Safflower Oil for Cats

The omega-6 fatty acid in safflower oil can improve cats' health inside and out.
The omega-6 fatty acid in safflower oil can improve cats' health inside and out. (Image: Martin Poole/Photodisc/Getty Images)

Animals need fatty acids. Cats need them for supple skin and soft fur as well as healthy tissues and organs. Safflower oil is a good source of the omega-6 fatty acid known as linoleic acid. Linoleic acid is an "essential" fatty acid: Cats must get it through their diet since their bodies cannot synthesize it on their own.


Seborrhea is a skin condition that can result from inadequate fatty acids in a cat’s diet. Seborrhea comes about when a cat’s body produces abnormal amounts of skin cells and oil, known as sebum. Sebum manifests as flaky, scaly skin or excessively oily skin. According to Dr. Patricia F. Ashley of the Kansas City CVC, cats suffering from seborrhea may benefit from safflower oil supplements.

Dry Coat

If his coat lacks shine and moisture, your cat may need more fatty acids in his diet. According to, a Doctors Foster and Smith property, a cat's coat can become dull and brittle as a result of a linoleic acid deficiency in the skin. A safflower oil supplement can help to replenish the skin, restoring luster and turning a dull, unhealthy coat into a soft, shiny one.


Essential fatty acids have anti-inflammatory properties that can help your furry friend stay healthy inside. Experts at the Cold River Veterinary Center warn that a diet of overly processed food makes a cat more susceptible to gum inflammation called gingivitis. Because of its anti-inflammatory properties, they recommend safflower oil as a supplement for cats with symptoms of gingivitis. Small amounts can be part of a healthy diet to help cats maintain healthy teeth and gums.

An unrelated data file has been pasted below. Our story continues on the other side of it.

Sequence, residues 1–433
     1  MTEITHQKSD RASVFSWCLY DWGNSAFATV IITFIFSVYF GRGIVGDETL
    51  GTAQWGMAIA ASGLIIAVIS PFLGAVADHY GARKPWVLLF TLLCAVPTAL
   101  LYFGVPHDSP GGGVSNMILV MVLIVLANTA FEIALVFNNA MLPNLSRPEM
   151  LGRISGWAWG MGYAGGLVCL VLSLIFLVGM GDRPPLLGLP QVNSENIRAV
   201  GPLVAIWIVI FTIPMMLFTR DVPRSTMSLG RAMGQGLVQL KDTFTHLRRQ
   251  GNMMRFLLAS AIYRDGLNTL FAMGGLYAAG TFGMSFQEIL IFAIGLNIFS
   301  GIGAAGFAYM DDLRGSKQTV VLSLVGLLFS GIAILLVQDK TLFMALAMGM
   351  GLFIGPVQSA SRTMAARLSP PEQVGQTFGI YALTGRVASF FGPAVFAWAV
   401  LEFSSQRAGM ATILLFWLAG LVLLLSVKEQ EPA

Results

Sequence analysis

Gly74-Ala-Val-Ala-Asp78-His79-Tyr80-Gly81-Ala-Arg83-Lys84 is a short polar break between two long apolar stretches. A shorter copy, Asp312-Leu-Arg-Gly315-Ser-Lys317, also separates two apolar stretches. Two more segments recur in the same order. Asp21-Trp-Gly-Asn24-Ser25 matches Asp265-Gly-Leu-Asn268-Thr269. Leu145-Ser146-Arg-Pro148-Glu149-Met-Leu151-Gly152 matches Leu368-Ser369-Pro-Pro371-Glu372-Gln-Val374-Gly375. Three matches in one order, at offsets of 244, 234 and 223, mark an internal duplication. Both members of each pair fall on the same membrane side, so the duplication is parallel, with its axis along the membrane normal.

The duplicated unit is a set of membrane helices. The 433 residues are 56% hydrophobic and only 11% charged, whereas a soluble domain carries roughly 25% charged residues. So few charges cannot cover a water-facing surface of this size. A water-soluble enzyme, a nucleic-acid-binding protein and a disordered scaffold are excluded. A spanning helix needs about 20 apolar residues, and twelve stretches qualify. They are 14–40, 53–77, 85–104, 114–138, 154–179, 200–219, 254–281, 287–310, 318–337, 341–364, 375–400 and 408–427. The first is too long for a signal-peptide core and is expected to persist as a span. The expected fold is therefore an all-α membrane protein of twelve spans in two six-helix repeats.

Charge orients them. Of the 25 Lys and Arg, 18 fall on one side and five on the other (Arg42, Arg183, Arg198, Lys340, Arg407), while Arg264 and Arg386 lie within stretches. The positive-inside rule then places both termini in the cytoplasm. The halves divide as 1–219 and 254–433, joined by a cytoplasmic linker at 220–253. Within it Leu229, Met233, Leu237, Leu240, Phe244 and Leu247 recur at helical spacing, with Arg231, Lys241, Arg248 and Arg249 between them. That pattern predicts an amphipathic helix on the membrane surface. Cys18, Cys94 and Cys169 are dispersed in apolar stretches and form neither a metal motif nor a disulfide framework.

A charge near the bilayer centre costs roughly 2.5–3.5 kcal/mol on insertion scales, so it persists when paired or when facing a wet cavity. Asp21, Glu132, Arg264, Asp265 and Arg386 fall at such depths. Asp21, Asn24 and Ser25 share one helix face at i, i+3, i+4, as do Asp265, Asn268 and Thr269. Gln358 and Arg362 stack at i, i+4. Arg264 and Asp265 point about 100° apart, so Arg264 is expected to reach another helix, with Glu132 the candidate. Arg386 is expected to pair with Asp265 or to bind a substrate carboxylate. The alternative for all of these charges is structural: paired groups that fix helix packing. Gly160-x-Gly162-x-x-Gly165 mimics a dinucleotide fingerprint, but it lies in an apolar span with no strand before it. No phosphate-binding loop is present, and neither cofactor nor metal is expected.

Supplementoing With Safflower

Finding the best supplement for your cat may take a few tries. Individual cats will have different responses to varying amounts of safflower oil. Consider the overall balance of supplements and fatty acids in your cat's diet. Integrative wellness veterinarian Dr. Karen Becker points out that too much omega-6 acid can disrupt cats' natural internal balance. Cats need to consume more antioxidants when taking in extra fatty acids, so safflower oil supplements fortified with antioxidants like vitamin E can ensure your cat gets everything she needs. Some vets recommend adding around half a teaspoon of safflower oil to home-cooked meals, though this requires special attention to a number of additional dietary requirements. Dr. Becker says skin problems sometimes indicate underlying health problems other than fatty acid deficiencies. Bacterial, fungal or parasitic skin infections, as well as overactive thyroid glands, can lead to flaky skin. Consult your vet before making any changes to your pet’s diet.

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